A Brooklyn Park man drove into a neighbor last week and killed him because voices in his head told him to, according to murder charges filed Wednesday.
Christopher D. Rice, 46, was charged Wednesday in Hennepin County District Court with one count each of second-degree murder with intent, second-degree murder without intent and criminal vehicular homicide.
Rice is accused of killing Paul Pfeifer about 10:30 p.m. on June 12 in the 9500 block of Scott Lane.
Hennepin County Attorney Mike Freeman said in an interview that it's rare for his office to file intentional murder charges in deaths involving vehicles. His office on Wednesday also charged Nicholas Kraus with second-degree intentional murder and two counts of assault with a dangerous weapon for the unrelated death of Deona M. Knajdek and injury of others at a protest in Uptown.
"We've taken unusually stern steps in these cases," Freeman said.
Criminal vehicular homicide, the more typical charge in vehicle fatalities, carries a maximum prison term of 10 years while second-degree murder carries a maximum of 40 years. Freeman said in these two cases the charge would carry a term of between 15 and 30 years. State sentencing guidelines govern the length of time based on a defendant's criminal history.
Court documents show that Rice has a history of mental health issues, was civilly committed in 2019 and was found incompetent to stand trial in a pending first-degree aggravated robbery case from last year. He is currently under civil commitment and diagnosed with schizoaffective disorder and bipolar with catatonia, court documents said.
Despite the civil commitment, which involves holding defendants at a secure treatment facility for 60 days before a review for possible release, Rice had been provisionally discharged to his home, Freeman said. Paperwork to revoke his discharge was being processed the day before Pfeifer was killed because Rice had problems following the conditions of his release, which involved following up with his doctor and taking medication, Freeman said.
"There is a gap between the criminal justice system and mental health, and we in the Hennepin County Attorney's Office recognize that," Freeman said, adding he and others have unsuccessfully urged legislators to address the problem. "It is a real issue that the system simply must focus on directly, and perhaps this tragic case will help us do that."
According to the criminal complaint against Rice: Pfeifer was getting his mail when he was struck by a black SUV at the end of his driveway.
Witnesses told police the SUV fled. The vehicle was found parked near the scene registered to a woman who lived in the area.
The woman arrived at the scene amid the investigation and told police that her live-in boyfriend, Rice, had access to the SUV. She let police into her home, where they found Rice.
"Defendant was mumbling to himself and incoherent," the charges said. "Defendant told officers he hears things and sees lights. Defendant then admitted to driving and hitting somebody. Defendant told officers he is controlled by a man and the man controlled him to hit the victim with his vehicle."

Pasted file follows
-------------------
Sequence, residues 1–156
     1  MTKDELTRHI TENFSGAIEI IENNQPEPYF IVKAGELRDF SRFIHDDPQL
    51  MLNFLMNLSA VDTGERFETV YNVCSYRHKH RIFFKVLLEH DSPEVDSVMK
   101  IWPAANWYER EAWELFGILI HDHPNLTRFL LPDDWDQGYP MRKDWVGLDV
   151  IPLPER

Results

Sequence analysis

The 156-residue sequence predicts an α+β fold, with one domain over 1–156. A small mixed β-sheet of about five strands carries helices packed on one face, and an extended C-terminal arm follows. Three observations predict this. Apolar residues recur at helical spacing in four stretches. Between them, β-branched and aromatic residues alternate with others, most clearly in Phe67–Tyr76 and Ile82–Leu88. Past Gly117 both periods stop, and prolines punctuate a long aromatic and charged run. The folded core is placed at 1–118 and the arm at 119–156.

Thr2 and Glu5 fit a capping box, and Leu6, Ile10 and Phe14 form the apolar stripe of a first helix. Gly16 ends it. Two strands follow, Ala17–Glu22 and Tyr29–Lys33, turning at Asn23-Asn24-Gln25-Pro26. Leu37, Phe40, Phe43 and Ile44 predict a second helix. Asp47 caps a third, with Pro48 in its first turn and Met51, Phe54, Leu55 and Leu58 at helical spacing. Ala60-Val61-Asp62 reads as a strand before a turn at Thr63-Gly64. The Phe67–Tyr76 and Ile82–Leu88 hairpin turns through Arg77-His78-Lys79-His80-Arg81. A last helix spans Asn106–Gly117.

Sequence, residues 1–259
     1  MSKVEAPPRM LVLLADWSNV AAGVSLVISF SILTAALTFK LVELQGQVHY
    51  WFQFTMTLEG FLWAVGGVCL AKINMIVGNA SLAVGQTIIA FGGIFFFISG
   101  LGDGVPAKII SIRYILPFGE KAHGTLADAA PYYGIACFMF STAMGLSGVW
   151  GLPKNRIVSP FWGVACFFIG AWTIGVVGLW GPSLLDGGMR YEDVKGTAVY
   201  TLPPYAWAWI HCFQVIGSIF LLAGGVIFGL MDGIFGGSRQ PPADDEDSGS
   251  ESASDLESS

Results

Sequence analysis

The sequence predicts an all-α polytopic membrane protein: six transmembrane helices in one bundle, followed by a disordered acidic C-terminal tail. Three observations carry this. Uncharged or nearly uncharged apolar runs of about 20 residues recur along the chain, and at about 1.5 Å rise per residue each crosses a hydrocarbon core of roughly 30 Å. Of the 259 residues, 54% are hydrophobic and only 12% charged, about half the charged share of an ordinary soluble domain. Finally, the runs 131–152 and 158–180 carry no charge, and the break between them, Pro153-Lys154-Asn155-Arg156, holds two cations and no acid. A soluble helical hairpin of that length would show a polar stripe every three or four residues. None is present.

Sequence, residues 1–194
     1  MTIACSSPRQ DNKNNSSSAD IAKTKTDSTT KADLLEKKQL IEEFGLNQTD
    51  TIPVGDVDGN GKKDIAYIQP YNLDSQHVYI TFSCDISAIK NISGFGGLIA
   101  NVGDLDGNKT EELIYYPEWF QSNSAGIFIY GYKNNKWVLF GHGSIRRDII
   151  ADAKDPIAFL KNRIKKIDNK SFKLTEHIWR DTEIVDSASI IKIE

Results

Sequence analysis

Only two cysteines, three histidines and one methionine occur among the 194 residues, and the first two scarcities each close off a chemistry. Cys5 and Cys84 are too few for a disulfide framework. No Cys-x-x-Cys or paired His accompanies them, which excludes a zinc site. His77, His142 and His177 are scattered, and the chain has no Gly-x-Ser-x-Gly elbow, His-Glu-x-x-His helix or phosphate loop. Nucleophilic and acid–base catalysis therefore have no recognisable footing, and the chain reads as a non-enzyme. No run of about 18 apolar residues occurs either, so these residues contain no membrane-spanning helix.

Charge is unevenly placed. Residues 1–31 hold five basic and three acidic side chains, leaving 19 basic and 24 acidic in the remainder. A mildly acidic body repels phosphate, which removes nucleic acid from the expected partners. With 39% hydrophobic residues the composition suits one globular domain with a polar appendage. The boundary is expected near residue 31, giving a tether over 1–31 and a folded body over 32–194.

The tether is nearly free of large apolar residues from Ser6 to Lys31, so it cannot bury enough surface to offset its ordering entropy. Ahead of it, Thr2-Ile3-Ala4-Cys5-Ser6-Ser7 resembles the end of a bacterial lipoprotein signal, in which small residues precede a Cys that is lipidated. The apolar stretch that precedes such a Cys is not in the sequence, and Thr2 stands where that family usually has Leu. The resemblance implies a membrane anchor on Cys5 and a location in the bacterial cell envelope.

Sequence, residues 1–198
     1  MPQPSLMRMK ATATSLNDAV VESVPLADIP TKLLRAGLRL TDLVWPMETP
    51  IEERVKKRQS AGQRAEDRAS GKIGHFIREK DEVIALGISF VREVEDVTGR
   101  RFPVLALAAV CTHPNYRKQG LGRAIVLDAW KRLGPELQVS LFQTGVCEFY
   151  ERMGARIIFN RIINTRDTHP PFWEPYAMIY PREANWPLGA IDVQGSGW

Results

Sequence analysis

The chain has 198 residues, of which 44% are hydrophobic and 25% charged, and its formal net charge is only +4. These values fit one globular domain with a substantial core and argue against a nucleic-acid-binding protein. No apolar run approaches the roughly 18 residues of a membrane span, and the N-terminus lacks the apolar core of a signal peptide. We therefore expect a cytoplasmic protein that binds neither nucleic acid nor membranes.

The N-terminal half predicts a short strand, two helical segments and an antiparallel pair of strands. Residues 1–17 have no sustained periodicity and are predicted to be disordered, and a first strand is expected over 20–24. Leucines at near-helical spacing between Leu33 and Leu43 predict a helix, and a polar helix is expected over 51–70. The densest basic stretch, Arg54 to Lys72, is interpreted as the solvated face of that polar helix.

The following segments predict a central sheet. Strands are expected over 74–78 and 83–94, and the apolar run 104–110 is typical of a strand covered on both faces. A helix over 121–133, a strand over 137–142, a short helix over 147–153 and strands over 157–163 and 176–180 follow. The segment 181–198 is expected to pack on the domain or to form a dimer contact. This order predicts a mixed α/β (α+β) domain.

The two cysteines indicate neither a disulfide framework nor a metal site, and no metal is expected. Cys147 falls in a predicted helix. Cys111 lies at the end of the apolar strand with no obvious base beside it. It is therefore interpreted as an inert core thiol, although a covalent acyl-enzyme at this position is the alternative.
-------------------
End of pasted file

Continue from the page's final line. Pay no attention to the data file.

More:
After his arrest, Rice told police that he has schizophrenia and bipolar disorder, and that he had not taken his medication for more than a month, the charges said.
"Defendant stated that while driving his vehicle, he saw a male at a mailbox," according to the complaint. "Defendant stated that the voices in his head told him that the person by the mailbox had done something bad to Defendant's mother."
Rice told police the voice instructed him to strike the victim, and that he had seen Pfeifer in the neighborhood but did not know him personally.
Rice told police he went to bed after striking Pfeifer.
In a statement issued earlier this week, Pfeifer's husband, Joseph Pfeifer St. James, said that "hate is what killed him."
In an Instagram post, Pfeifer's nephew said his uncle was the "victim of hate" when he was intentionally run over.
"Today our family is grieving, deeply. Amidst this grief we are pleading for this level of hate to end," AJ Mansour wrote.
Freeman said in an interview that Rice's alleged harassment of Pfeifer is being investigated, and that he could not reveal additional details.
However, Freeman said, there is no evidence that Rice or Kraus were motivated by bias.
Knajdek and others were protesting the June 3 officer-involved killing of Winston Boogie Smith Jr. when they were killed and injured by Kraus.
"There is no meaningful evidence that we have discovered so far that these were anything other than intentional, absurdly violent acts against people," Freeman said. "Mr. Rice has got underlying mental issues and that certainly was part of what caused him to mow down his neighbor with the car, and Mr. Kraus has significant alcohol issues and we're not sure what else."
Chao Xiong • 612-270-4708